Mike Halford

You've heard the expression "let's get busy?" Well, Mike Halford is a blogger who gets "biz-zay!" Consistently and thoroughly.
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Lazar draws back in for Sens as trade rumors swirl

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After sitting as a healthy scratch for the last four games, Curtis Lazar will get back into the lineup tonight when the Sens take on the Devils in New Jersey.

It’ll be an inclusion worth monitoring.

Earlier this week, we welcomed Lazar to the trade rumor mill after reports that his agent, J.P. Barry, was set to meet with Sens brass about the 22-year-old’s current situation. TSN’s Darren Dreger floated the possibility Barry would ask for a trade, while the Sun’s Bruce Garrioch said teams calling about Lazar have been told the asking price is a first- or second-round pick.

An update on the pending meeting, per the Citizen:

Come Saturday, Dorion will talk face-to-face with Lazar’s agent, J.P. Barry, about what’s next in a season that has gone from bad to worse for the 22-year-old.

And yes, at least the idea of Lazar being traded will be discussed.

Lazar, the 17th overall pick in 2013, has struggled through a rough campaign. The start of the year was derailed after he was diagnosed with mononucleosis. Lazar was eventually sent down to the AHL, with Dorion saying in late October that it was best, at the time, for Lazar to play in the minors and continue to regain his confidence.

Since returning to Ottawa in November, Lazar has failed to produce, with only one assist in 29 games, while averaging just 8:23 of ice time per game and virtually no presence on any of the club’s special team units. He was also hurt in a game versus Pittsburgh in December.

Minutes have been even tougher to come by lately, with the arrival of Tommy Wingels from San Jose.

All this comes after Lazar had a reasonably successful sophomore campaign in ’15-16. He posted career highs in a number of categories — including games played (76) and points (20) — and was averaging just under 14 minutes per night.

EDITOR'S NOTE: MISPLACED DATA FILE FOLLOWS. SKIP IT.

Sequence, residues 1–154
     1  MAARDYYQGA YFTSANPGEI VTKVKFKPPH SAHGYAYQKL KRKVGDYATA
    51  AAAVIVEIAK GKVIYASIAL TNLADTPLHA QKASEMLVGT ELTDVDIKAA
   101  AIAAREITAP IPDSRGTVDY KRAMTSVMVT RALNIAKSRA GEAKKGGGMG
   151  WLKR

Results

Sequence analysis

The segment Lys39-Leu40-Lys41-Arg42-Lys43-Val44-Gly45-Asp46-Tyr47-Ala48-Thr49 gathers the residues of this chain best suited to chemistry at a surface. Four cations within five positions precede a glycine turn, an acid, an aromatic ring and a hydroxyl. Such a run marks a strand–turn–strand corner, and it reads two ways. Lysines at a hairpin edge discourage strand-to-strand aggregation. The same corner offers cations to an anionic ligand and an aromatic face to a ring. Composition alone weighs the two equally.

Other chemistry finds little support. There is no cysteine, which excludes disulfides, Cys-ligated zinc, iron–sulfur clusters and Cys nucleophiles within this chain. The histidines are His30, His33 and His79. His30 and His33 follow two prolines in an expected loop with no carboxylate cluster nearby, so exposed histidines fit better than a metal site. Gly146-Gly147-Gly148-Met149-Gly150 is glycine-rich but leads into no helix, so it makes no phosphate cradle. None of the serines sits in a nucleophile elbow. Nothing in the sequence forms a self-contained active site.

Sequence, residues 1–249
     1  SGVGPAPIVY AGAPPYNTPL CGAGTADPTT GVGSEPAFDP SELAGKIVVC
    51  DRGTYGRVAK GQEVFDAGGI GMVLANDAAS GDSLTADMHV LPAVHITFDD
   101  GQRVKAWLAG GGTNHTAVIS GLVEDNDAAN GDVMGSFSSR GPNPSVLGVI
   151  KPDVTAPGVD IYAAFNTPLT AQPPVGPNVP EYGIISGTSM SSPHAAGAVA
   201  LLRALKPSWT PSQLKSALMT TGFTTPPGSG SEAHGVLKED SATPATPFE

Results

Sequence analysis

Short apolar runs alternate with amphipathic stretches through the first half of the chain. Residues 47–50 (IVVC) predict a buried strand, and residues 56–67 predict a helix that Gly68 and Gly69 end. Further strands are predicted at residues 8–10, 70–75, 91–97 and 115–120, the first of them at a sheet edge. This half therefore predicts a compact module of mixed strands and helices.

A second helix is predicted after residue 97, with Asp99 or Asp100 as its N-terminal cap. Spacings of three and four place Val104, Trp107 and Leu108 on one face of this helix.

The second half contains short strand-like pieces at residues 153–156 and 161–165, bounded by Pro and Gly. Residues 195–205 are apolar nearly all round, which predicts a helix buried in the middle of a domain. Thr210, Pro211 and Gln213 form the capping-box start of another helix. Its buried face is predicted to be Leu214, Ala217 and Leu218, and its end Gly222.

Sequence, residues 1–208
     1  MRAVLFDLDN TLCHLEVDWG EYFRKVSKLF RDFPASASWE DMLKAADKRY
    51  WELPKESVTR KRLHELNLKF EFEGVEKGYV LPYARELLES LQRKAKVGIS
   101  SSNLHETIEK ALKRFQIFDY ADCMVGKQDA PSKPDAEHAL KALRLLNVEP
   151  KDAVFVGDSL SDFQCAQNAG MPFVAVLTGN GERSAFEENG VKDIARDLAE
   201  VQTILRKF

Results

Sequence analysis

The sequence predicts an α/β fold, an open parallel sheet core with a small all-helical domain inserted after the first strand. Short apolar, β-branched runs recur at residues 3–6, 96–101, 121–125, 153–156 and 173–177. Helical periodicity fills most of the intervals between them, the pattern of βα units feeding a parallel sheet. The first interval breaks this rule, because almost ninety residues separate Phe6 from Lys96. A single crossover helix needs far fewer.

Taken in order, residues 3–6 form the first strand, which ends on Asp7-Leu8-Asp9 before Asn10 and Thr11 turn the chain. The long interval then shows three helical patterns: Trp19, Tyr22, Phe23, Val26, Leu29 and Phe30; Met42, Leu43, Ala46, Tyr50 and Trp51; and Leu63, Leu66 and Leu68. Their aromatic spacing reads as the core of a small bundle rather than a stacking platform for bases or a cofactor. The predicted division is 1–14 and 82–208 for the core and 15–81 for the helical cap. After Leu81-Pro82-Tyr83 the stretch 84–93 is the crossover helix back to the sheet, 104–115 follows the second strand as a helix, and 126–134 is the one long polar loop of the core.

It’s probably worth noting that Lazar’s played for three different coaches (Paul MacLean, Dave Cameron, Guy Boucher) over the course of his three-year career. That can be difficult on a young player, which could be why the “change of scenery” idea has been floated.

Avs expect Varlamov will ‘be fully healthy next year’

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Almost lost in their disastrous campaign is the fact that, in late January, the Avs shut down No. 1 netminder Semyon Varlamov so he could have season-ending groin surgery.

To hear GM Joe Sakic explain it, the move was designed so Varlamov could get a head start on next season.

“I expect him to be fully healthy next year,” Sakic said, per the Denver Post. “He’s had the problems with his groin the last couple of years, and this year, but he’s a worker, he cares, he’s a guy who puts a lot of pressure on that area the way he plays.

“We’re very confident by doing this procedure, he’s going to be back where he once was. I think it’s going to be a lot better mentally for him, that he’s not one push away from pulling his groin. I know that this year was a tough year for him mentally. In your head, it’s almost, ‘When’s the next time it’s going to pull?’ By doing this, we’re confident he’ll be back to 100 percent and have this behind him and he can just focus on playing.”

Varlamov, who turns 29 in April, has struggled with health and consistency since his banner ’13-14 campaign — the one in which he led the NHL with 41 wins, finished second in Vezina voting and fourth for the Hart Trophy.